Case number: 130044

Whether the Council was justified in its decision to refuse a request for access to records under section 7 of the FOI Act in accordance with the provisions of section 27 of the FOI Act.

Review Application to the Information Commissioner under the Freedom of Information Acts 1997 & 2003 (the FOI Act)

Background
On 17 April 2012, the applicant made an FOI request to Youghal Town Council requesting a record which includes details of the terms and conditions concerning the leasing of [a named site] to [a named company]. She said that she did not want any commercially sensitive information but just wanted to know what safeguards, if any there are for the land's use, what zoning the land has been given and when the lease expires.

While processing the FOI request, the Council's decision maker identified one record (namely the lease between Youghal Town Council and [a named recycling company]) which he thought may contain "commercially sensitive" information (section 27(1) of the FOI Act). As section 27(2) of the FOI Act provides for access to records which may be commercially sensitive where the person to whom the record relates gives their consent, the decision maker provided [named company] with an opportunity to make a submission in relation to access to the record. Following receipt of a submission from [named company], the Council's decision maker decided to refuse access to this record under section 27(1) of the FOI Act.

On 1 June 2012, the applicant requested an internal review of this decision and again stated that she did not require commercially sensitive information. On 20 June 2012, the Town Manager wrote to the applicant with her decision to refuse access to the record on the basis of section 27(1) of the FOI Act. On 23 February 2013, the applicant made a late application to the Information Commissioner for a review of the Council's decision and the Information Commissioner has used the discretion given to her under section 34(4)(b) of the FOI Act to accept this late application.

I note that Ms Rachel Dunn, Investigator, wrote to Youghal Town Council on 5 April 2013 informing the Council of her preliminary view that section 27(1) does not apply to this record and that the lease should be released subject to the redaction of monetary amounts for consideration and rent which are contained on page 1 and in the First Schedule of the lease. She invited the Council to submit any further comments that it considered relevant to the review. However, the Council indicated that it would not be issuing any further response. Ms Dunn also wrote to [named company] on 5 April 2013 as an interested third party and indicated that this Office would be happy to consider any further submission from the company in relation to this matter.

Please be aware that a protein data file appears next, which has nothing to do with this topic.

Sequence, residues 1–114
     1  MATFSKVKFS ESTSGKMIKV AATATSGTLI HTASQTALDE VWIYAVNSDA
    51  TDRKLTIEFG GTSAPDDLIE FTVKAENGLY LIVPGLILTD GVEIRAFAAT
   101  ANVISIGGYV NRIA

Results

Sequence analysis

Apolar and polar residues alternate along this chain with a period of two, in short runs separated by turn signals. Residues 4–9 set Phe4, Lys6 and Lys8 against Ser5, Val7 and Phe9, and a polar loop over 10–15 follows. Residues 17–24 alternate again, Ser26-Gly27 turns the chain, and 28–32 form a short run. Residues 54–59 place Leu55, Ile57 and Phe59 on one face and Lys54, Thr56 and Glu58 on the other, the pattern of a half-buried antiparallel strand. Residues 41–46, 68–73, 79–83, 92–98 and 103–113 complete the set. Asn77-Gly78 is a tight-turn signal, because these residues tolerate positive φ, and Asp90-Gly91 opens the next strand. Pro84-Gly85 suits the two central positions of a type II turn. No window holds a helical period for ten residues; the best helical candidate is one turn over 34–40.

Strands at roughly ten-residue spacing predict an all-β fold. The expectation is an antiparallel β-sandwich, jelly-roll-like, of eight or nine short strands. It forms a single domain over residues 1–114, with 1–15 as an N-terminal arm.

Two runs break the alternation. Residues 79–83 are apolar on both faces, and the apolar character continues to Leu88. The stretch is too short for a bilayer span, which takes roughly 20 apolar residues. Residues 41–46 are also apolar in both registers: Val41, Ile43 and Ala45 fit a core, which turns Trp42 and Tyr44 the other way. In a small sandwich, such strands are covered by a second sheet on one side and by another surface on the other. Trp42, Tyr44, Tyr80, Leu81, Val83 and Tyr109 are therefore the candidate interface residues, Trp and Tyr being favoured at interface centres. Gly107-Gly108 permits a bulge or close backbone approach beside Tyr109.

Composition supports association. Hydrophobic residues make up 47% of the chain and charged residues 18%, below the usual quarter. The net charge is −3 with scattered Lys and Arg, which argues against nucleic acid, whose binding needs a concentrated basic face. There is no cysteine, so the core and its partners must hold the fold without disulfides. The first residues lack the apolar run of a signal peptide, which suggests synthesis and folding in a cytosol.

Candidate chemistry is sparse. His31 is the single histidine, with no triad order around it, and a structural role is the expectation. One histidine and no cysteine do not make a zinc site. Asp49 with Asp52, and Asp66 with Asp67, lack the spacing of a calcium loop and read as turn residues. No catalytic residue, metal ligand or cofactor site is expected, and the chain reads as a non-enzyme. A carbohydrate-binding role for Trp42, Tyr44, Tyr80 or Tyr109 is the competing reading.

The company did not make any submission, therefore I consider that the review should now be brought to a close by the issue of a formal, binding decision. In conducting this review, I have had regard to the submissions of the applicant and [named company] (including those made to both the Council and this Office), and to those of the Council. I have also had regard to the provisions of the FOI Acts and to the content of the record at issue.

Scope of the Review
The applicant confirmed to this Office that she is not interested in any financial information which is contained in this lease and that she would be happy to obtain this record with such information redacted. Having examined the lease, it appears that the only relevant financial information would be the monetary amounts relating to consideration or rents which are contained on page 1 and in the First Schedule respectively of this lease. As the applicant is not seeking access to financial information such as the monetary amounts for consideration and rent on page 1 and in the First Schedule of the lease, this information has been excluded from the scope of this review. Therefore, this review is concerned solely with the question of whether Youghal Town Council was justified, in terms of the provisions of the FOI Act, in its decision to refuse access to the remainder of this record (i.e. the lease with the monetary amounts on page 1 and in the First Schedule of the lease being redacted).